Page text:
What is a coping saw? And why you need it in your DIY toolkit

Hand using a coping saw to cut dark wood flooring plank
(Image credit: Getty Images)

If you’re asking yourself what is a coping saw? Then you’ve come to the right place. Here we not only answer what is a coping saw, we tell you why it's called a coping saw, what materials it can cut, how to use a coping saw and reveal the different types of blades you’ll need.

A coping saw is one of many different types of saw a DIYer could/should have in their tool collection. It is a specialist saw for specific tasks, so it might not be an everyday saw, but they are inexpensive and definitely an essential addition for intricate cuts. 

What is a coping saw? A quick definition

A coping saw like this Faithfull Coping Saw from Amazon is a type of bow saw and is commonly used to produce straight, curved and intricate shaped cuts in woodwork. It typically has a U-shaped metal frame, a wooden handle and a narrow blade which is held in place via a couple of pins. The handle is also used to tighten the blade, hold it in place and create the right tension for the job you are working on.

The flexibility in the narrow blade and the shape of the frame allows users to do more than follow straight lines. It can follow curves and create shapes that most other saws can’t or will struggle to do. 

Why is it called a coping saw? 

The coping saw has been around for centuries and gets its name from a carpentry/woodwork technique known as the cope, which is called coping when in action. The technique is also known as scribing and involves shaping the end of wood so that it fits neatly – and almost seamlessly –  into the contours of the wood it is being joined to.

Cope – or coping – is also a technique used in metalworking, which applies the same principles. It is also known as a saddle joint.

What does a coping saw cut? 

A coping saw is commonly used in woodworking to cut intricate curved or rounded shapes. A typical example would be wooden flooring where a plank meets a door frame. It can be used to cut out the shapes of the door jamb, the curves of simple architrave or the intricate patterns of more ornate mouldings. 

Scribing skirting boards is another common application. This is where you shape one end of the skirting board so that it fits neatly into a corner against another length of skirting board. This is typically used where mitre joints do not fit together well due to uneven walls. 

A coping saw with the right blade – look to use a blade with 24 TPI or similar – can also be used to cut through metals such as aluminium, tin and copper. A blade with a high TPI is also a good choice for cutting plastics such as PVC which plastic plumbing pipe is made of.

Hand holding skirting board and using a coping saw to scribe the end

Scribing skirting boards with a coping saw ensures a neat finish in corners (Image credit: Getty Images)

How do I use a coping saw?

The first thing you will need to do is install a blade to match whatever material you are cutting. This will differ depending on what coping saw you have, but you typically place one end in the pin and adjust the tension so that when you place the other end of the blade in the other pin it stays in place but isn’t tight.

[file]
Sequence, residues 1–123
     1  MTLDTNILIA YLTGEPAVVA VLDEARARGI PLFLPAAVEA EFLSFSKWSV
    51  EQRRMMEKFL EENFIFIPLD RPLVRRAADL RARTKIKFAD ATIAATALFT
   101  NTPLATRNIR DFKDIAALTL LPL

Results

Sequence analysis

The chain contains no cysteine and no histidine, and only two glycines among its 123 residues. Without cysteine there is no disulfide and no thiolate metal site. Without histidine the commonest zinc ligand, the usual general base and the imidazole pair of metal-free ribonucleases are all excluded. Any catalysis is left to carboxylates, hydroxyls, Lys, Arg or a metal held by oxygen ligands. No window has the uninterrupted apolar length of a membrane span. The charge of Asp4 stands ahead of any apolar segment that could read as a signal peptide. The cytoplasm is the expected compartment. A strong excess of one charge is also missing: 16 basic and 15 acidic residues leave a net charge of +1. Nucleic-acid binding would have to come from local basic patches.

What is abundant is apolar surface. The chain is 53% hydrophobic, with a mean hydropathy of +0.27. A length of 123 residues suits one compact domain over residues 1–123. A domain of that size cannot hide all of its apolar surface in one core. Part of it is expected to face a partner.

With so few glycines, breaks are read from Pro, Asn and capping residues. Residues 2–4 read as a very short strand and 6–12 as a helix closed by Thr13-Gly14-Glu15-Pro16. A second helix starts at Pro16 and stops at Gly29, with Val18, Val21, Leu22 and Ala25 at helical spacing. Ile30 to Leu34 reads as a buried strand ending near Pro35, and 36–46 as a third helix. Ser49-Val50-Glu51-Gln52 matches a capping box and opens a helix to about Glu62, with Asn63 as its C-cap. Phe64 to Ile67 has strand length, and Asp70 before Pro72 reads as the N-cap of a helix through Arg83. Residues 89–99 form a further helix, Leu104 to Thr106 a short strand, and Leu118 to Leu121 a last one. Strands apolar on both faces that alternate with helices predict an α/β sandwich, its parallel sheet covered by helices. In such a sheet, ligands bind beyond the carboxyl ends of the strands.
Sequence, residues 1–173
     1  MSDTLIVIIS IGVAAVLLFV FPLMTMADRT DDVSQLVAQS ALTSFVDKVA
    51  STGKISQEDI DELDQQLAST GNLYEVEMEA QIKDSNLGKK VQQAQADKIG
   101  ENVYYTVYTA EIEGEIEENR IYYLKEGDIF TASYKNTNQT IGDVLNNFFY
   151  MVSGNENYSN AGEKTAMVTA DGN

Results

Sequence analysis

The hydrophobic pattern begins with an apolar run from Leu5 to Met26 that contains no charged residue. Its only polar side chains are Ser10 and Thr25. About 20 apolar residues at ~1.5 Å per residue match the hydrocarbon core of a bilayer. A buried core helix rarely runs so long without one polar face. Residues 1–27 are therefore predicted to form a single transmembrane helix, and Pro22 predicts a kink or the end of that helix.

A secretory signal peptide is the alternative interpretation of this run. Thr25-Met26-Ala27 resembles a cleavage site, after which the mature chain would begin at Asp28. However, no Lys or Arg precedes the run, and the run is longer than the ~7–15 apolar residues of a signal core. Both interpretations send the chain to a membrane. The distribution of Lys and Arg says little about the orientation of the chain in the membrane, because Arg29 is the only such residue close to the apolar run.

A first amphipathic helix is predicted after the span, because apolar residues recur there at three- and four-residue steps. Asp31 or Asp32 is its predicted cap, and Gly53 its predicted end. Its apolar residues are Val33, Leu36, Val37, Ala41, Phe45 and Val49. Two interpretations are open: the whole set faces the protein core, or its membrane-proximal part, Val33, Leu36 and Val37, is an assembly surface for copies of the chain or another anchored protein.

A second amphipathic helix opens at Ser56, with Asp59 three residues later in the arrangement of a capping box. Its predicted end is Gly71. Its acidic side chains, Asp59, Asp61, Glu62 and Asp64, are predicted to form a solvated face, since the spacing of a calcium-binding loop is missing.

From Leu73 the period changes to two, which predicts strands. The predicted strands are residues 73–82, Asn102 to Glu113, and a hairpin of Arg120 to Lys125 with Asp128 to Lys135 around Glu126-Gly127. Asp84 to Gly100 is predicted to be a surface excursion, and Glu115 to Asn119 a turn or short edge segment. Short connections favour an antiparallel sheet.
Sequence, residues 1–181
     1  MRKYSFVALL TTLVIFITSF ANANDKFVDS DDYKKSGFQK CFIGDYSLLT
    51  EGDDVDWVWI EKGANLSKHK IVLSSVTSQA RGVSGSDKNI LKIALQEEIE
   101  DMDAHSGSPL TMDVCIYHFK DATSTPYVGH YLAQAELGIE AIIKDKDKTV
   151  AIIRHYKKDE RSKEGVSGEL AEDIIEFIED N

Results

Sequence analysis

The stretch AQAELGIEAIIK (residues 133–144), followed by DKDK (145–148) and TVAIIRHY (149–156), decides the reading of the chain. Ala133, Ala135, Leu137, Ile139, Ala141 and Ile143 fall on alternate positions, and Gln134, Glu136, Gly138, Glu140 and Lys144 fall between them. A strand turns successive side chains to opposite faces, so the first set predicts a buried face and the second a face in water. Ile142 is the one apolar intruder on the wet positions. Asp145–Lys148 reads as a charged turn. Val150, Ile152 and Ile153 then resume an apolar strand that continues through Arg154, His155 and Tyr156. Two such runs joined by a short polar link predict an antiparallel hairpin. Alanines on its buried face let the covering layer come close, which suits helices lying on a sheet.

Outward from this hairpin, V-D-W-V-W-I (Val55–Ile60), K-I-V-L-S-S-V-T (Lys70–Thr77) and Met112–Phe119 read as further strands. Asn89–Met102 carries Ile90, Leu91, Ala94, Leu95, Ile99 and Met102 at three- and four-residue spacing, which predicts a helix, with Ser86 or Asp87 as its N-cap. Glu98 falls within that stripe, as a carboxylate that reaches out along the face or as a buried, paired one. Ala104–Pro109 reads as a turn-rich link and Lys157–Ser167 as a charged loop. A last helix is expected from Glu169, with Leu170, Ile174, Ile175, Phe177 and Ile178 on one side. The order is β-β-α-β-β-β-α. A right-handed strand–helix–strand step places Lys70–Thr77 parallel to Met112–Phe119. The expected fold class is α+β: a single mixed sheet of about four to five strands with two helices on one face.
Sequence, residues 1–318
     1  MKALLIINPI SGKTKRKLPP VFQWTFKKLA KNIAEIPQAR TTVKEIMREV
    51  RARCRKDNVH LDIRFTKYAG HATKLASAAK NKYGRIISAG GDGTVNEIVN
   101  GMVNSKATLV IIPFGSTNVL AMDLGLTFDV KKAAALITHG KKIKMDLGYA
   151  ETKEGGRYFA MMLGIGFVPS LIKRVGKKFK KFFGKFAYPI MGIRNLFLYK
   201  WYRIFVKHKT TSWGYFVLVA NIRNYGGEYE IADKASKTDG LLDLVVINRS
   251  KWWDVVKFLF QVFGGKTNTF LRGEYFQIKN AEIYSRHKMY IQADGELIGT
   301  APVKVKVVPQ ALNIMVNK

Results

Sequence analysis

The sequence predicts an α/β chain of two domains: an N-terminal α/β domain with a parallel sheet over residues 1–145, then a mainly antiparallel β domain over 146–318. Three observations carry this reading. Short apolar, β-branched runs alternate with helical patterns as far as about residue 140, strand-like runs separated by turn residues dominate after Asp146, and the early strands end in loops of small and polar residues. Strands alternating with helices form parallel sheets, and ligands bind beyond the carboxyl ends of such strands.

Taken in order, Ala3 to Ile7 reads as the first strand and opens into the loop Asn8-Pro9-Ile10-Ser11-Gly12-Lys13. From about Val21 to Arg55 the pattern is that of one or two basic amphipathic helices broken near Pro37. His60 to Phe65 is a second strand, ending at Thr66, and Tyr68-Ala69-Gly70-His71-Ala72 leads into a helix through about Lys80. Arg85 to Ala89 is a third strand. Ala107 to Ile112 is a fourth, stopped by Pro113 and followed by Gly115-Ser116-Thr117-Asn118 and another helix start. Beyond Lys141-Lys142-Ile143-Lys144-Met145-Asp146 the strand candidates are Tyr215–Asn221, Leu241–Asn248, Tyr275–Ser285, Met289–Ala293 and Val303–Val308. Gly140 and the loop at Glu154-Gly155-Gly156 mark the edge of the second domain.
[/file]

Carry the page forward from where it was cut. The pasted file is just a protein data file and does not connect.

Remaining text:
Then adjust the tension – commonly with the handle –  and angle ready to start. Don’t over tighten the blade, while it needs to be secure it also needs to have a little flex in it.  

There is an art to using a coping saw and getting curves right. But set the blade at the right angle for the cut, secure what you are cutting and follow the pencil guide you've marked out and all should be good. To get a smooth finish get a sander or sandpaper to remove any rough edges.

If you're cutting from the centre of material or away from the edge you will need to drill a pilot hole first. Then remove one end of the blade place through the hole and then reattach and adjust tension before you start sawing 

Are coping saws hard to use? 

Coping saws are relatively simple to use, but its shape and blades can make the process seem a little intimidating. The blades typically have teeth which means that you need to pull back a few times to get a starting point. Once you get going it is pretty much a back and forth motion like most saws.  

Are there different types of coping saw blades?  

Yes. They generally vary by size, TPI (Teeth Per Inch) and finish. A coping saw will have a blade that typically measures between 160-175mm in length. Check your saw to see which size you need.

The most common type of blade is a steel blade with teeth – like these Eclipse Professional Tools Coping Saw Blades from Amazon – that can be used on wood, metal and plastic. The number of teeth determines the type of finish you get. For wood 15-18 TPI is a common option for everyday cuts, but if you need a finer finish you can use a 24 TPI blade.

There are specialist wire blades that have an abrasive surface – rather than teeth – which can be used for intricate cuts on ceramics making them ideal when tiling a kitchen splashback, a bathroom or tiling floors. 

Steve Jenkins

Steve is Homebuilding & Renovating's DIY content editor, and has been a writer and editor for two decades. He is an avid DIYer with over 20 years of experience in transforming and renovating homes. He specialises in painting and decorating, but has strong all-round building skills, having previously worked in the industry for 10 years.